In language, codeswitching occurs when a speaker uses two or more languages in the context of one conversation. Speculation on motivation for switching is multifaceted; it is possible that a person may switch languages to hide certain information from listening native speakers, to better express themselves because certain words cease to exist in a given language, or to accommodate the person with whom they are speaking. Although some linguistic theories for codeswitching exist, in our work we aim to understand the mechanisms of codeswitching using machine learning approaches. In this talk we will describe our ongoing efforts to this end. Specifically, we have identified two problems of interest in our work: clustering and prediction. First, our hope is to combine clustering algorithms such as k-means with data visualization to understand different codeswitching styles. Secondly, we plan to train a classifier to predict if a codeswitching will occur in a given utterance. We have identified Naive Bayes as the most promising avenue of attack in this case. This builds on our work during the CSoI workshop where we identified the most common words that precede a code switching event and visualized dynamics of conversations where multiple code switching styles could be observed. A common challenge for both of these problems is to identify appropriate word embedding approaches. Since most machine learning techniques assume features which are real numbers, while in natural language processing features are often categorical (e.g. words), the step of constructing such feature vectors is crucial in a variety of natural language processing tasks.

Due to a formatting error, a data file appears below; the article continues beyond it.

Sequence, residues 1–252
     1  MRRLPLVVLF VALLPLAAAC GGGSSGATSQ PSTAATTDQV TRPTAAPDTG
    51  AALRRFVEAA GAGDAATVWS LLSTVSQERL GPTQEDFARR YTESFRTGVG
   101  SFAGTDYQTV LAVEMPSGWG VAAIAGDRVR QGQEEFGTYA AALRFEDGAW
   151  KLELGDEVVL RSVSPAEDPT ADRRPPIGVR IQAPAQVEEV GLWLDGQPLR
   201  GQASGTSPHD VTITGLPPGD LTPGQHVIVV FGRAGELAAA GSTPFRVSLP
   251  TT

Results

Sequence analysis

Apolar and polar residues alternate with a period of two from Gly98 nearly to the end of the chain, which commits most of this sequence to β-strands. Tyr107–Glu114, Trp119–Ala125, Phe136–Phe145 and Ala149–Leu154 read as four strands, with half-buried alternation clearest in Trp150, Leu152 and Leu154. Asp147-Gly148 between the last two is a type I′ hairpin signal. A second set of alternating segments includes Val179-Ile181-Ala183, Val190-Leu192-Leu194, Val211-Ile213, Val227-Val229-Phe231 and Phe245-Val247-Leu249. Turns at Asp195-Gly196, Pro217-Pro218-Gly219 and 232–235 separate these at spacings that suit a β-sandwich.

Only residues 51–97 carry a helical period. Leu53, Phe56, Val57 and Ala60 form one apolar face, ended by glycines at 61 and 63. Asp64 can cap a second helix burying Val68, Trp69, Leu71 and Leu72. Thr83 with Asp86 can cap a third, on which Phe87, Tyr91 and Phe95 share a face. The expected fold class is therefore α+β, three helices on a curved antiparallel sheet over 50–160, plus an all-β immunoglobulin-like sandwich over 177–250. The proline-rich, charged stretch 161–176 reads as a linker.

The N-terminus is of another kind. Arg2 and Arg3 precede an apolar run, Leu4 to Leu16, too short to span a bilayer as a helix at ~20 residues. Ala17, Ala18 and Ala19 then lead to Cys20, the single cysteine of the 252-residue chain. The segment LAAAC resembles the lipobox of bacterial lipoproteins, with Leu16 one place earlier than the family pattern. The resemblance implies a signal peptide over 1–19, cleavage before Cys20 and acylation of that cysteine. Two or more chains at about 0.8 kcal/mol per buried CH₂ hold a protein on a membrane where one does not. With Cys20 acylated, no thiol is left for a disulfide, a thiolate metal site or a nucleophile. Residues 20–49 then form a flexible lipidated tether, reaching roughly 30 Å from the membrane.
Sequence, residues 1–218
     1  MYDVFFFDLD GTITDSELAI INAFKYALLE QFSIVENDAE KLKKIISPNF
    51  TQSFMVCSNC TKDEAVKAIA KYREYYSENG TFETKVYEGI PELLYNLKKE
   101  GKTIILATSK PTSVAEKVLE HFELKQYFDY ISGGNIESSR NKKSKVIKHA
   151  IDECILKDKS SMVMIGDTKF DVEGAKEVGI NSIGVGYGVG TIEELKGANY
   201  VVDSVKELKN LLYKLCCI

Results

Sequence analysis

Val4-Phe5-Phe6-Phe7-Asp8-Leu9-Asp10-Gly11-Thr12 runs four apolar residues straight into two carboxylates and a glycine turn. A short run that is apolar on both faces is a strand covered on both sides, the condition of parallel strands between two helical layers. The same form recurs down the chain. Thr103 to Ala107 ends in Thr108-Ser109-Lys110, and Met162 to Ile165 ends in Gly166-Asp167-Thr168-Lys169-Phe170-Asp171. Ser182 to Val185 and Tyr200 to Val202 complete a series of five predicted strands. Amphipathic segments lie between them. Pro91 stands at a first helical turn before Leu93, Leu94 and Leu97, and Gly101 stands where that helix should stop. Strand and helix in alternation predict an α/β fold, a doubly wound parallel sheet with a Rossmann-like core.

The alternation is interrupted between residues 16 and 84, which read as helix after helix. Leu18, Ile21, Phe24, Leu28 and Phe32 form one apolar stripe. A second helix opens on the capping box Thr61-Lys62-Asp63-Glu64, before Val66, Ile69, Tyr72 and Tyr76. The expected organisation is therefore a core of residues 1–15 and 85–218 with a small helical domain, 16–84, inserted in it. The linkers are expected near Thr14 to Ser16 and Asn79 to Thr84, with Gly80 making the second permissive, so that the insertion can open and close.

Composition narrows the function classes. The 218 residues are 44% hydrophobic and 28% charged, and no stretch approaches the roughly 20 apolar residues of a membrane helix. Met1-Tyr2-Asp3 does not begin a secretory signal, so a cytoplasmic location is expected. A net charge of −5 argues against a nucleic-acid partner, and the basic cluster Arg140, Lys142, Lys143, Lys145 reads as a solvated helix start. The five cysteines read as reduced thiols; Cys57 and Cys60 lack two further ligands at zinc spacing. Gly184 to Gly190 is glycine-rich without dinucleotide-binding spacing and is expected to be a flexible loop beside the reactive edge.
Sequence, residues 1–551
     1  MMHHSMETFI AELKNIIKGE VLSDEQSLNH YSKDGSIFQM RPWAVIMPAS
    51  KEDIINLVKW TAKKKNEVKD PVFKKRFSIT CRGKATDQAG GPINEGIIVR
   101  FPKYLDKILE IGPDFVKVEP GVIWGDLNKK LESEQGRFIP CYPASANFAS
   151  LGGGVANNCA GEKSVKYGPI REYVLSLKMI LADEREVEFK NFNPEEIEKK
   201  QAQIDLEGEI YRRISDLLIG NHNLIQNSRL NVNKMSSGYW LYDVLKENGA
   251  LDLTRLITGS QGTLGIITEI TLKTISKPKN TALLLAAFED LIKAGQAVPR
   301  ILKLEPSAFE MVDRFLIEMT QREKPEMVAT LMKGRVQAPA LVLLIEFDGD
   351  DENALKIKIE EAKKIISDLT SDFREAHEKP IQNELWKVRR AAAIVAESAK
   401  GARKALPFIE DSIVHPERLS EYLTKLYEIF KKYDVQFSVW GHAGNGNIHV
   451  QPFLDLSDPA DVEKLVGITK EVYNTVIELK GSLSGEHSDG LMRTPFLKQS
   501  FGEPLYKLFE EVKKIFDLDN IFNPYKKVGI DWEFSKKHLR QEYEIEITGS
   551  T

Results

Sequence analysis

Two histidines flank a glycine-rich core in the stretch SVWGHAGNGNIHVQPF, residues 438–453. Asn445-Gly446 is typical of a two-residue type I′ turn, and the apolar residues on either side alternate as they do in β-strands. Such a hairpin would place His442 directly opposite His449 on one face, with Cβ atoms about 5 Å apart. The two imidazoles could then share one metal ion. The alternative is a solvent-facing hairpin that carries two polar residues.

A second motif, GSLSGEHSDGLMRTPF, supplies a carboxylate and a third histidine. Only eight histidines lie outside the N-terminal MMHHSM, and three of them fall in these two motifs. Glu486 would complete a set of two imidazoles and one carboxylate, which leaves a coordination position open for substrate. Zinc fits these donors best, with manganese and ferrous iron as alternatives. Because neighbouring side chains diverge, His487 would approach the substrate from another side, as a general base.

Event Link: https://csoi.adobeconnect.com/education